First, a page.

I had never in my life watched a lady with such expensive perfume devour chicken wings so passionately. Two hands—like a guy. She too, I’m certain, never sat across the table while some clown so struggled with lobster tails that food went flying across the restaurant.

She married young; I was more seasoned (but immature), yet between us we had 56 years in long-term marriages. But that was then.

She was a Heights girl—Boulevard Elementary, Roosevelt, then Heights High. I was South Euclid: Rowland, Greenview, and Brush. So we never met.

Parallel lives. A lot in common.

We honored our parents, belonged to Park, and each had two girls and a boy.

We were friends before we were friends. And we were destined to be friends. (I had known her brother and her aunt). Moreover, her father and husband held the highest honors: they were my Lodge Brothers.

But I barely knew her.

I did know she could cook. One Pesach in the mid-90’s I was Sederless. Tony, the entrepreneur of Coffee Creations, uber-coffeehouse of the time, had been feeding me thrice daily. He was clearly a Jewish wannabe, and delighted in urging me to join him at his friends’ home for Passover. I did. Like I say…the food was good… and the portions!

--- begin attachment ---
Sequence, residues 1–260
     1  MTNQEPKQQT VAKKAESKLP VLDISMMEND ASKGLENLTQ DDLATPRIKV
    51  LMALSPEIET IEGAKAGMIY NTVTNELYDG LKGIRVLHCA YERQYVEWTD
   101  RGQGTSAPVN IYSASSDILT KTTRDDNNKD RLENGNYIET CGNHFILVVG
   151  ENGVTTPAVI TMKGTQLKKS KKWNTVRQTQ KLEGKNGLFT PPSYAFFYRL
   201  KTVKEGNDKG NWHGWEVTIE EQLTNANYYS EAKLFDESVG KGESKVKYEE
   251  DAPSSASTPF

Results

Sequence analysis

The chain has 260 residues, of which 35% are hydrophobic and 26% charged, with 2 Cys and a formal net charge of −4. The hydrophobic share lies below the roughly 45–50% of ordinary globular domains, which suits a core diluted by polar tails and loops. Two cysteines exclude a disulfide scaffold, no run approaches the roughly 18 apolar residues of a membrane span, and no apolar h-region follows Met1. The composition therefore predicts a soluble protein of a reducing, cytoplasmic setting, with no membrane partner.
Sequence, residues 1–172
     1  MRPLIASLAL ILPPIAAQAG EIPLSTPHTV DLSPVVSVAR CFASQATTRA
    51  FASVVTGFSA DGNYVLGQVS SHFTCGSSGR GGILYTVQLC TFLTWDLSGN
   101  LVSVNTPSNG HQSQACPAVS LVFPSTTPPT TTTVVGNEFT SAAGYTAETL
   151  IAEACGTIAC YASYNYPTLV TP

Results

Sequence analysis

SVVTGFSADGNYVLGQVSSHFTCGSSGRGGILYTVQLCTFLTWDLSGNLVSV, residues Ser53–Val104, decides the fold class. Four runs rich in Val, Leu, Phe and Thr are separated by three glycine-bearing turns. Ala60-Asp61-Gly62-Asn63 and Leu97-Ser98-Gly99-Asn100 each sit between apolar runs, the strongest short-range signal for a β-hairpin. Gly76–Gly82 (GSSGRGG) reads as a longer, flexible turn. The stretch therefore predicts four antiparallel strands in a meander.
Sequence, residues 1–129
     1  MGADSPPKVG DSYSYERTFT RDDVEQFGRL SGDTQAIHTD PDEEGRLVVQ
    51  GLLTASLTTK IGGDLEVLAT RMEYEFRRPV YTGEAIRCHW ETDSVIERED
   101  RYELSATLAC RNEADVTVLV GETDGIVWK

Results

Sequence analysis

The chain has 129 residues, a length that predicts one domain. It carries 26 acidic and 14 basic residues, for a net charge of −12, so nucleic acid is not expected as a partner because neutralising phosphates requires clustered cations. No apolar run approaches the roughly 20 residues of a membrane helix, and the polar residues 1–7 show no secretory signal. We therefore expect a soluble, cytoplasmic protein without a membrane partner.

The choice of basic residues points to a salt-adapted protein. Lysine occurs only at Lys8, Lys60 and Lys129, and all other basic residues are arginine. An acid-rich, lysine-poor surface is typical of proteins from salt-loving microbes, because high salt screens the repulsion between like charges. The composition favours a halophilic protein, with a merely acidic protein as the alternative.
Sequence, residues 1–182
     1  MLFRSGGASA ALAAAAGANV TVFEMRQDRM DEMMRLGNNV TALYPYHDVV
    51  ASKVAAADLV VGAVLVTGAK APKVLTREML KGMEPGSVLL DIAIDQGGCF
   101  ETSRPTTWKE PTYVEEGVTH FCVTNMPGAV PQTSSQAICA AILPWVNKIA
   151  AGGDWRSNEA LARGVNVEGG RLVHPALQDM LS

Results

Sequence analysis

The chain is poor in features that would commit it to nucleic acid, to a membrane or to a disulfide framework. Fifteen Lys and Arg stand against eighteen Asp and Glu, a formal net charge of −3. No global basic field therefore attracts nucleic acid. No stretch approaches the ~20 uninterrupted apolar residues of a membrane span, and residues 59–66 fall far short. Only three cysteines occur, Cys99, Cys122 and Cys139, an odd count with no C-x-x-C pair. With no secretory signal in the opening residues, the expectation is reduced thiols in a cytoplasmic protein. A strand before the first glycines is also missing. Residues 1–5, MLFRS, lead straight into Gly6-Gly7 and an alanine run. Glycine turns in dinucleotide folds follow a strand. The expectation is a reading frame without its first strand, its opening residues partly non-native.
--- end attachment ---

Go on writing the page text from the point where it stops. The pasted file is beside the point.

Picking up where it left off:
Still, I didn’t know her well.

I had seen her at lodge dances, but really didn’t study her. I do recall that even before it was a catchy line on a greeting card she was one of those people that would “dance like no one is watching.” (When I got to know her better it was clear she’d read the same card—she also sings like there is no one listening. That, I might add, is not necessarily a blessing).

Parallel lives.

A decade ago I would have said there was no circumstance that could forge our friendship. And then it did. Coincidence?

We were both rebuilding— inside and out. Two middle-aged kids playing in life’s sandbox. Divorced. Somewhat naïve. Fish out of water. Yet we bonded like Hal and I did with the Fentons our first night on Bayard in ’55.

She showed me her family; I showed her mine. We went swimming and out to eat. And into business. And we shared friendship.

The business died— but the friendship thrived.

And we learned from each other. She taught me how to make a garden. Never change a business appointment. What a camisole is. And that I’m OK. I taught her that Jews don’t eat white bread. And that life goes on. And that she was OK.

She kicked me in the ass if I didn’t call my kids enough. I admonished her for getting down on herself. When the bell rang we were honest with each other and there for each other. That’s what friends are for.

And then as often happens, we moved to new neighborhoods. Time and change….and newer friends. Never, though, even to this day, too busy for each other. Last December I danced at her baby’s wedding. This September she’ll dance at Stacy’s.

Her name is a derivative of a French word meaning “little rock.” Fact is that for many years she was the big rock at the foundation of her beautiful family. And in a most pivotal time in my life she was not only an anchor, but a directional signal.

She is Rochelle, and she is much more than OK.

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